Business profile » With a balanced approach, Utahn Brent Cook has built a Salt Lake valley fitness empire.
By Michael C. Lewis
| The Salt Lake Tribune
First Published Jun 28 2012 01:01 am • Last Updated Jun 29 2012 02:25 pm
When Brent Cook was handing out towels in the basement of an old gym to earn money while a student at the University of Utah some 40 years ago, he had no idea that it might lead to anything.
“I wasn’t smart enough to have any vision,” he says, laughing.
Take a look at The Gym
For hours and amenities at The Gym at City Center, visit www.thegymatcitycreek.com or call 801-656-2092. The gym is at 51 S. Main St., Suite 308, Salt Lake City.
The man whose humble beginning has blossomed over all those years into a vast fitness legacy in Salt Lake City is nothing if not self-deprecating. By his account, he not only lacks vision, but he’s “not a very good businessman,” either. He’s “maybe not the greatest operator” and “has no discipline.”
And yet, Cook owns and operates one of the most palatial fitness clubs the state has ever seen, The Gym at City Creek.
Watching the evolution of exercise » It’s the latest and most ambitious venture for a vibrant and charismatic man who has spent most of his life dedicated to running fitness clubs all over town — watching the evolution of exercise habits and holding his own with family businesses in an era of corporate competition.
“I love it,” he says. “I just love it.” Gee, as if you couldn’t tell.
Cook leads visitors around his new place with all the energy of a first-grader showing his mother his new school, right down to explaining how he picked out the paintings on the walls himself, during his many travels around the world.
Here’s the spinning room!
And here’s the pool!
This is where we lift weights! Oh, and check out the yoga studio!
Along the way, he teases and cracks jokes, laughing a high-pitched, staccato laugh that sounds maybe a little like a hyena with hiccups.
You hear that laugh a lot, too, like when Cook tells how tennis players using the rooftop courts kept “trying to take out Moroni,” the angel statue atop the LDS temple, back when his Metro Fitness club was at the old Crossroads Mall across the street.
“Came close,” he says, giggling. “There were lots of yellow balls over there at Temple Square. Didn’t make people happy.”
From Crossroads to Gateway and back again » Still, the gym and Cook have survived.
Cook moved his Metro Fitness club from the Crossroads Mall across the street to the ZCMI Center in 1993 and stayed there until moving to The Gateway when the old downtown malls were destroyed to make way for City Creek. It’s still there, too.
And all along, Cook and his wife, Fran, also have been running the popular Sports Mall in Murray.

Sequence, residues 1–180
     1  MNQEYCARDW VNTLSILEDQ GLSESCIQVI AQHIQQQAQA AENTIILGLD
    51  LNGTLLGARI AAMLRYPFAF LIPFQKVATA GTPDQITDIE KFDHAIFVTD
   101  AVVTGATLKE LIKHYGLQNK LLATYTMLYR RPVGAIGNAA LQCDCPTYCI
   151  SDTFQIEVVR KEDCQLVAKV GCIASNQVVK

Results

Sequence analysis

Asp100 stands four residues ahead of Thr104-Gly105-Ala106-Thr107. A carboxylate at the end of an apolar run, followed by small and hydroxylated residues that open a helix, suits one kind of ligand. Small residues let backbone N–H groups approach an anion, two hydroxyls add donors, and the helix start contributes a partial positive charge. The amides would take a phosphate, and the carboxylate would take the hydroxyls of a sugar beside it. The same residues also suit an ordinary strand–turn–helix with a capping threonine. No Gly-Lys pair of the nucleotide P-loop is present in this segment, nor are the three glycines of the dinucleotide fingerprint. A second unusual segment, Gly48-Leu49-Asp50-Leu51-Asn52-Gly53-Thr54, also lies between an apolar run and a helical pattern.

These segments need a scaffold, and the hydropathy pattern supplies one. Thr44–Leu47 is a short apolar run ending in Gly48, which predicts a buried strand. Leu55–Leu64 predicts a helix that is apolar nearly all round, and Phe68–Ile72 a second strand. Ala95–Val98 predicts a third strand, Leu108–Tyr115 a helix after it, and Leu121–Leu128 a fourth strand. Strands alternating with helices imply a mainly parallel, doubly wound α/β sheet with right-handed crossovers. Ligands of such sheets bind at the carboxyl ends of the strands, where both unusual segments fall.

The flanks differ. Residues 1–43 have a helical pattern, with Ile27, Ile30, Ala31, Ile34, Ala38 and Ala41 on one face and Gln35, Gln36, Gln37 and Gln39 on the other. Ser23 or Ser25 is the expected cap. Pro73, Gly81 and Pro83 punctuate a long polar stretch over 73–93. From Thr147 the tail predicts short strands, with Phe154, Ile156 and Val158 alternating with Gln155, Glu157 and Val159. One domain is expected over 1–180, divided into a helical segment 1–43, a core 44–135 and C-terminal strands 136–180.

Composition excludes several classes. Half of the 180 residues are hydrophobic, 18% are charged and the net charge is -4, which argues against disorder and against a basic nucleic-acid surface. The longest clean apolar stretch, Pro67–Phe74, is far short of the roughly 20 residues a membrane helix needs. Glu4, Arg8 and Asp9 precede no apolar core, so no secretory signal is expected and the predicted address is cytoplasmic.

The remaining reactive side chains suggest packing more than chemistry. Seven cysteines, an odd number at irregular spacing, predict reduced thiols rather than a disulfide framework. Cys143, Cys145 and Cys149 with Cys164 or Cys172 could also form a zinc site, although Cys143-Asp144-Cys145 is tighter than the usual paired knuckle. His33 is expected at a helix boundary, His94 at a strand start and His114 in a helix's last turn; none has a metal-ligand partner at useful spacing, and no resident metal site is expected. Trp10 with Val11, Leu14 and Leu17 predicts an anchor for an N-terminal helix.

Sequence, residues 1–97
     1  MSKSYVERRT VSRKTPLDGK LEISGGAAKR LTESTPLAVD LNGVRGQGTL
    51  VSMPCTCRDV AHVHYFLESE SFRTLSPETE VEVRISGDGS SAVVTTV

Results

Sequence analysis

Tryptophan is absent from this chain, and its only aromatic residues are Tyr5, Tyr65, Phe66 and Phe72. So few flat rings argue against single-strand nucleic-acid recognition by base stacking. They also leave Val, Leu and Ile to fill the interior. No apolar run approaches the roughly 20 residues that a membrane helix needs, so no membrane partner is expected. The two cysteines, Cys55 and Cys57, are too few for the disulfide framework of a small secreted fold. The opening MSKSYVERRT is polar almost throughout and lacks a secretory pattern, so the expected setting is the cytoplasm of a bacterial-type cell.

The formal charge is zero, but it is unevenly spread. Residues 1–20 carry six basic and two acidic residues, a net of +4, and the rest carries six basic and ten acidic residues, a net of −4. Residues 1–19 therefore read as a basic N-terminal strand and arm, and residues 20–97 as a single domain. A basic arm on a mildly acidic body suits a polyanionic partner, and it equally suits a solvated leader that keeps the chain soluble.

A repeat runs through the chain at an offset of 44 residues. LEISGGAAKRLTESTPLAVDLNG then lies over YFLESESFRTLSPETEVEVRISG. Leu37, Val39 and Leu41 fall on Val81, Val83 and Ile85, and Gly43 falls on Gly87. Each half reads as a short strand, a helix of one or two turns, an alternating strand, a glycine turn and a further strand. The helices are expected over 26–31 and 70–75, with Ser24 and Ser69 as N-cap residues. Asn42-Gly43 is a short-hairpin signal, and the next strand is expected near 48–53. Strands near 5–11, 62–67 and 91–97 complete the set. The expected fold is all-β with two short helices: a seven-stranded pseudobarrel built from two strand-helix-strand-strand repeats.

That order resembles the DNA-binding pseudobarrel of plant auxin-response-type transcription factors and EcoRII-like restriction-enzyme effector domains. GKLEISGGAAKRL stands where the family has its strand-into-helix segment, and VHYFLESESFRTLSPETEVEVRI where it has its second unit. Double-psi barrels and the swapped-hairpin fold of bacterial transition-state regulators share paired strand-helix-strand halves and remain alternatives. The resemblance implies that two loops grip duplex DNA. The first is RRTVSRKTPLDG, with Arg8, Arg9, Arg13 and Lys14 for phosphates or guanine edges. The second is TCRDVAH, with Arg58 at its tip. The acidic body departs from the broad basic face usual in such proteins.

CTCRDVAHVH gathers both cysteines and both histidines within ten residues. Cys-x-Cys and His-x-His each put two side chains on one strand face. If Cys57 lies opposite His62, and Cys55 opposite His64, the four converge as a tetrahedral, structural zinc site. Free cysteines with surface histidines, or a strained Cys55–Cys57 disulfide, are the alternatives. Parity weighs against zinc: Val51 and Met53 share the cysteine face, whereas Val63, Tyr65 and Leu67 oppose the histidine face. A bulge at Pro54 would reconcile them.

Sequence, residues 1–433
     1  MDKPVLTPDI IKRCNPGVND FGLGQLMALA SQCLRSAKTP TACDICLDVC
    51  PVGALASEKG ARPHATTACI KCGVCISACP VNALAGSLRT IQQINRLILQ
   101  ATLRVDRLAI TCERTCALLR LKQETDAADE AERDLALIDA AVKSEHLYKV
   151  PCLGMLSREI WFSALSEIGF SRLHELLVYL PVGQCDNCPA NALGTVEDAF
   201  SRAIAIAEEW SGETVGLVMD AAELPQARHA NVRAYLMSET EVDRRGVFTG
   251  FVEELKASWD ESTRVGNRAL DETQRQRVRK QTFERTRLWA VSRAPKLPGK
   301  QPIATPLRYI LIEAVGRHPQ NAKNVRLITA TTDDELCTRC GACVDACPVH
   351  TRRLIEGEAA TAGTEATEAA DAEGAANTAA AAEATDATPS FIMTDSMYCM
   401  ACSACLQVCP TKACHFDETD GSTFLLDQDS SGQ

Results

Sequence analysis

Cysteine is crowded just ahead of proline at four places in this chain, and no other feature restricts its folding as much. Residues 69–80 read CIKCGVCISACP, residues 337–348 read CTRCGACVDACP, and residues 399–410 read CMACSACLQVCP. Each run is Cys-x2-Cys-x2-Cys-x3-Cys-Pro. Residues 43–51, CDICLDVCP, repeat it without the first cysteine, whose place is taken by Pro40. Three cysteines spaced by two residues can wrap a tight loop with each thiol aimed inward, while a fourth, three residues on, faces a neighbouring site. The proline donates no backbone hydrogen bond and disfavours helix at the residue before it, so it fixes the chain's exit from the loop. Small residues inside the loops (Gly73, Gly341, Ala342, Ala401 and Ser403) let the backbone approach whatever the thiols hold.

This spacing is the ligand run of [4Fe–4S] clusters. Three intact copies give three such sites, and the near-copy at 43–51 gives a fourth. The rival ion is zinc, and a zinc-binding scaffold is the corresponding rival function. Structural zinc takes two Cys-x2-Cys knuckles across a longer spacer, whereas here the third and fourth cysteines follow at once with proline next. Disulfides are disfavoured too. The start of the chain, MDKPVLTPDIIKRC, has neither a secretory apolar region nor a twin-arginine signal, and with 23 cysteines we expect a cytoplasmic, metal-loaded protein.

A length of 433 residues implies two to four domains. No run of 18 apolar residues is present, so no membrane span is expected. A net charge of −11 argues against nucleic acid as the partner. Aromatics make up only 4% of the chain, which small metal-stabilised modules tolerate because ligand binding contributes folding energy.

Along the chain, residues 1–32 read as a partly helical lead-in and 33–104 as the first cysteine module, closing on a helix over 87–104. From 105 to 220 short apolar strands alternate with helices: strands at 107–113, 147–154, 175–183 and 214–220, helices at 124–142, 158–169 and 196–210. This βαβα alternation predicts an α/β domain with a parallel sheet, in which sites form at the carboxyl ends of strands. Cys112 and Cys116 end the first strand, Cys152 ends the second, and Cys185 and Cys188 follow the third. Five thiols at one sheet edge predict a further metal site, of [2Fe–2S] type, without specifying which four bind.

Take a look at The Gym
For hours and amenities at The Gym at City Center, visit www.thegymatcitycreek.com or call 855-411-4383. The gym is at 51 S. Main St., Suite 308, Salt Lake City.
Cook has been operating fitness clubs since 1976, after getting his start in the business opening gyms around the country for the late fitness entrepreneur and University of Utah booster Bob Rice, at whose European Health Spa Cook started handing out towels as a student.
“He’s pretty much amazing,” says Kolten Jensen, who helps manage the training and sales at The Gym. “The greatest thing is he really adds a lot to the culture here. It’s more like a family than a sweat shop.”
Not only has Cook survived the rise of corporate competitors such as Gold’s Gym and 24-Hour Fitness, but he has witnessed the transformation of fitness equipment — from silly contraptions such as the old vibrating exercise belts to the ultramodern iFit machines of today.
“I thought the step classes were going to be an absolute bomb, and they came on like gangbusters,” he confesses. “I did pick up on Zumba, though.”
The 69-year-old Cook even has taken two of the popular Latin-themed dance fitness classes, he says, though “I stay in the back corner and I put a wig on.”
‘Because it was there to be done’ » Wig or no, Cook certainly doesn’t fit the muscle-bound stereotype of a gym owner.
He grew up as an “Army brat,” settling with his family in Utah in fifth grade, later attending East High School. He graduated from the U. with a degree in speech pathology and audiology and a minor in philosophy. Over the years, he developed an enchantment with Buddhism while traveling in Southeast Asia and acquired a love of his customers’ stories as much as their memberships.
He’s been married for more than 40 years, with three biological children and two adopted from Korea, all grown.
“What makes him so successful is he’s a very balanced person,” said Cathy Brunken, the daughter with whom Cook now runs The Gym, along with her husband, Stephen Brunken. “He was very hands-on with us, raising us — to the point where my mom would open up the Sports Mall for him early in the morning, and my dad was actually the one who would do our hair and get us ready for school and fix us breakfast and handle all of that. The energy has definitely has been there, my whole entire life.”
Cook says he constructed the sprawling, 55,000-square-foot The Gym mostly “because it was there to be done” — despite the traditional challenges operating gyms in urban downtown centers, where nighttime business often falls off a cliff.
He takes a great deal of pride in being a local fitness institution, too, even if his management style is perhaps a bit less lucrative.
“If you don’t have a passion for what you do, it doesn’t matter,” he says. “It’s the passion for the business that keeps you going, that keeps you involved. I happen to love the business. It’s not for the money.”
He adds: “Our margins in our business are a lot less than the chains, because we put so much into the space. We didn’t need 55,000 square feet. We could have probably done this in 40. But we’ve created something with 55. Will it affect the bottom line? Of course. That’s just the way it is.”